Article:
My problem was I actually heard them. They were validated as individuals, because beyond their car problems, I really wanted to know who they were.
Naturally, when you start logging a few 20, 30, 40 minute conversations, the powers that be take notice. You aren’t supposed to actually talk to the customers.
I don’t care. Don’t, didn’t, hopefully never will. I think the most important part of that job was what got me fired. People’s stories MATTER. They do. The fabric that weaves together human lives isn’t made of efficiency, profit, or a good business model.
It’s deeper than that. Emotions. Connections. The human imperative to live and to be good for one another.
This… feeling… (cus I hadn’t defined it that well as an idea at the time), this feeling is kind of a fundamental building block of what I believe.
It’s a start. A stripping out from the core basics.
You’re born into a set of beliefs, and some people live their whole lives inside of them.
Scary to doubt. Scary to start to see life as a possibly random exercise. Unless you’ve been brought up that way, then scary to see yourself as one of those crazy schmucks that thinks adherence to certain rules laid down by a crazy 2,000 years ago will grant eternal life.
I don’t know what that means, ‘eternal life’.
But it mattered. This year. It mattered. It matters to me if life has meaning or not, if there’s more to it than the surface degrees of success. There’s such a variety of ways to succeed. What of the children in Africa who die at the age of 4 because they had sexually transmitted disease given to them when they were conceived? What of the assholes that make millions of dollars cheating their employees and live full lives, when people who stand up for what they believe in die, penniless, at age 25- from gun-shot wounds or lack of health care or general poverty?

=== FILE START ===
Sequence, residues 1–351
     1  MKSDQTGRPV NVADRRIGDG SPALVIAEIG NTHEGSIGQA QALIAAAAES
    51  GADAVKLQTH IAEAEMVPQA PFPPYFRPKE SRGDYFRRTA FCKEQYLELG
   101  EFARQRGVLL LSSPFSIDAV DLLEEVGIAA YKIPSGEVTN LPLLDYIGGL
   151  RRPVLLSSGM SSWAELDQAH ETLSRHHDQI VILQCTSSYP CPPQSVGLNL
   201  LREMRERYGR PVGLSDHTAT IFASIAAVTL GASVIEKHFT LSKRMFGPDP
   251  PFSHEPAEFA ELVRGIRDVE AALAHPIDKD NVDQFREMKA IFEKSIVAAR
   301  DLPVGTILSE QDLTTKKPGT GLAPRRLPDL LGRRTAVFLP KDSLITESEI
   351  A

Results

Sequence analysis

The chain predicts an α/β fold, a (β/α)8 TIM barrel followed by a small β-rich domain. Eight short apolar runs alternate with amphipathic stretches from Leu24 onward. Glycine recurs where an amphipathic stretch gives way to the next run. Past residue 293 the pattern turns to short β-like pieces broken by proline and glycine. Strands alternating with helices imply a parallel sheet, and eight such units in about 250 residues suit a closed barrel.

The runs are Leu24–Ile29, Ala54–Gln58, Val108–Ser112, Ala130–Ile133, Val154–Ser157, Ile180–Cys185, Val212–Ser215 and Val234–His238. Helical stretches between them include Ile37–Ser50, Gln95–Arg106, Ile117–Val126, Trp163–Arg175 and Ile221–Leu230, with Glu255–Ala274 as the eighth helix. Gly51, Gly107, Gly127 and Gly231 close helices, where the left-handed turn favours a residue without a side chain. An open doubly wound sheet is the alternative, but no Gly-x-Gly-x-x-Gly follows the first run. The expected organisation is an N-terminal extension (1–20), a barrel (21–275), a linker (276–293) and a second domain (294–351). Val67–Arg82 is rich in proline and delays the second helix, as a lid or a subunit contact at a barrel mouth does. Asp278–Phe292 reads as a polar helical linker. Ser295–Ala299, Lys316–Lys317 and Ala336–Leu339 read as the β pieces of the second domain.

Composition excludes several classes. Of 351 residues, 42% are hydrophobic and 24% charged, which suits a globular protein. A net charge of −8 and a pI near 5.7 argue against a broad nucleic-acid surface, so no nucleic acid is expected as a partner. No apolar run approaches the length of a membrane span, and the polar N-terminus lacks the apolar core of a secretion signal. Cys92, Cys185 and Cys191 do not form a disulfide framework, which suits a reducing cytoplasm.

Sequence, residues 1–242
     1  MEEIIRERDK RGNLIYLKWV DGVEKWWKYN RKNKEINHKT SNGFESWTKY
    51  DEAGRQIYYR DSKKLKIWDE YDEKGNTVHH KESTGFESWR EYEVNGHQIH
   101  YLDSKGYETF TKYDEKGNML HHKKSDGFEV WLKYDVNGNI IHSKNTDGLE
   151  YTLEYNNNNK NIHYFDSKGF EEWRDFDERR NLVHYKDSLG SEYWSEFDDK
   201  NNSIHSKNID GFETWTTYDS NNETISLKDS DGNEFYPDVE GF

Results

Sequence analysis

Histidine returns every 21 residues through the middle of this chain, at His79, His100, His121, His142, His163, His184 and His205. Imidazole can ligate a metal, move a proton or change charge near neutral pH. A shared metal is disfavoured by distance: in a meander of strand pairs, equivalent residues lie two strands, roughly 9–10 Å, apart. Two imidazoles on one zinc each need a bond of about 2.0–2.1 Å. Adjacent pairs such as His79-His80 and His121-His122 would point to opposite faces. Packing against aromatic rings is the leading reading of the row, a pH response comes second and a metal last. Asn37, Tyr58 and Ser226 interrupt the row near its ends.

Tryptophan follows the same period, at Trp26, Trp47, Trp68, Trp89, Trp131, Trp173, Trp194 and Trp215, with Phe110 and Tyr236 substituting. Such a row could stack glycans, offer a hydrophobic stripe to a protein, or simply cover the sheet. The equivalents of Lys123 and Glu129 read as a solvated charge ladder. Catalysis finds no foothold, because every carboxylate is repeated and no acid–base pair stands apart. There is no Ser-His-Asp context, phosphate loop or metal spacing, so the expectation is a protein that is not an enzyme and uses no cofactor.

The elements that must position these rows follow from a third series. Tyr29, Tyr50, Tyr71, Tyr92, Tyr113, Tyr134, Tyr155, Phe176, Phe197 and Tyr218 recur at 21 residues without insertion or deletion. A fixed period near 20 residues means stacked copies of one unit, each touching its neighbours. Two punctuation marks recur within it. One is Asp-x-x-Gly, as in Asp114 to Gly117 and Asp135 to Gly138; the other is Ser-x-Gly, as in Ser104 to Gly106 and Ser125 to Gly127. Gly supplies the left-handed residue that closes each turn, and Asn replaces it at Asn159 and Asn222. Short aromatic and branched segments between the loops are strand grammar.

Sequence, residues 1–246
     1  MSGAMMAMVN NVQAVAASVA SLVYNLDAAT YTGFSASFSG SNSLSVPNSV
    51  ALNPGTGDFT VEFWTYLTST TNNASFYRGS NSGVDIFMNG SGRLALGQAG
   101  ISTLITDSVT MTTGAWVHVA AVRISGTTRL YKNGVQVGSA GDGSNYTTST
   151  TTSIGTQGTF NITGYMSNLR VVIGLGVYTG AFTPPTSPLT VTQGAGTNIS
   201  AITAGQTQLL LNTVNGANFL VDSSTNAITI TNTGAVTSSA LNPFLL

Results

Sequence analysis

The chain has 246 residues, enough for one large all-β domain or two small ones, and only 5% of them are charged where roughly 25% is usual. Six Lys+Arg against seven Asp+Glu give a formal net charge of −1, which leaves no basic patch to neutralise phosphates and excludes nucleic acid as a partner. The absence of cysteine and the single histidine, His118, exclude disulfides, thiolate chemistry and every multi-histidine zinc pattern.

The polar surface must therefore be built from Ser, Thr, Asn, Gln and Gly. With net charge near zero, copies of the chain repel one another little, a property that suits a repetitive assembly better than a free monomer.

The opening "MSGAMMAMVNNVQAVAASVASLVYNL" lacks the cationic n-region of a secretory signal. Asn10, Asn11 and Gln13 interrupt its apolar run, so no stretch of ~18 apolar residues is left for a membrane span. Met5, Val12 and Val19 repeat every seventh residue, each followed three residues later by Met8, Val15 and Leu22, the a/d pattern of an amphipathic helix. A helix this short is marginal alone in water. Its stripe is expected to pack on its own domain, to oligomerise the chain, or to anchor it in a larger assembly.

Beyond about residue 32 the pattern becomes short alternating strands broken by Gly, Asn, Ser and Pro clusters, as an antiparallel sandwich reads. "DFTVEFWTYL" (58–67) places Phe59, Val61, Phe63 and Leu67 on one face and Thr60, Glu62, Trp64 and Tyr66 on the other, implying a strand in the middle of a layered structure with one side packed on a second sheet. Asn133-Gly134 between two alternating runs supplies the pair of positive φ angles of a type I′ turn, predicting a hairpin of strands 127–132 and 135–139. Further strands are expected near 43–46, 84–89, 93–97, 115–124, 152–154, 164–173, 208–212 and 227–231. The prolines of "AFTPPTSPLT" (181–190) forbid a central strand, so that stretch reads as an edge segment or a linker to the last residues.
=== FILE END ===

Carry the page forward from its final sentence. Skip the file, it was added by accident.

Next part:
Are we here to get what we can while we can, to pass on our biology, to strive for the best moments of life possible for a dwindling creature that lives a span and dies- are we here to get what we can out of life, in competition with every other creature?
It’s a humble response. I have little evidence, and less knowledge. But… at the same time, I’m absolutely sure: We are here to love.
We are here to try to be good for someone else, be it a child, or a country, or a species going out like a light.
We are here to learn. To make ourselves better by figuring out not to live for ourselves.
A year of questioning and doubting, and I understand now the questions themselves were an answer in a way. I don’t accept that we are biology and energy running out like a tank of gas.
I don’t accept it. I can’t see the answer, but this longing in me to know means there is more to it. I desire there to be more to life. Meaning, purpose, beauty, compassion. These are not bi-products of biology. They get in the way of a creature that would be ultimately self-serving. These questions are an act of the spirit: Such longing doesn’t arise from the physical body- there is more.
The way that I live this life matters.
January, 2008; a new year & that statement is my starting point.